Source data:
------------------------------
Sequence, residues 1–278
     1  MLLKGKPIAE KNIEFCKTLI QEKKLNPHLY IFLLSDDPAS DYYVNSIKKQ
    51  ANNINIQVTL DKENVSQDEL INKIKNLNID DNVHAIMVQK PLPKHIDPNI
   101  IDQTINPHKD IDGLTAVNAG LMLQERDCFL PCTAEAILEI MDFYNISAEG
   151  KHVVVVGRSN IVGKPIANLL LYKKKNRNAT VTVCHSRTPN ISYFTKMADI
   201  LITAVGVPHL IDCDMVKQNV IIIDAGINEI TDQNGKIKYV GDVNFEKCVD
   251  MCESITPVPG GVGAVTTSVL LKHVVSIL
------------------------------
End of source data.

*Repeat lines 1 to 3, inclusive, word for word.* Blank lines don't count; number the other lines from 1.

Sequence, residues 1–278
     1  MLLKGKPIAE KNIEFCKTLI QEKKLNPHLY IFLLSDDPAS DYYVNSIKKQ
    51  ANNINIQVTL DKENVSQDEL INKIKNLNID DNVHAIMVQK PLPKHIDPNI